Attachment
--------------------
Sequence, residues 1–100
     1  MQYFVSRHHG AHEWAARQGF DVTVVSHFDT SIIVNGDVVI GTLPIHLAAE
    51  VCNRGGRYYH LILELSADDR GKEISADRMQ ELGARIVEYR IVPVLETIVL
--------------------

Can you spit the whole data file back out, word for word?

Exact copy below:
Sequence, residues 1–100
     1  MQYFVSRHHG AHEWAARQGF DVTVVSHFDT SIIVNGDVVI GTLPIHLAAE
    51  VCNRGGRYYH LILELSADDR GKEISADRMQ ELGARIVEYR IVPVLETIVL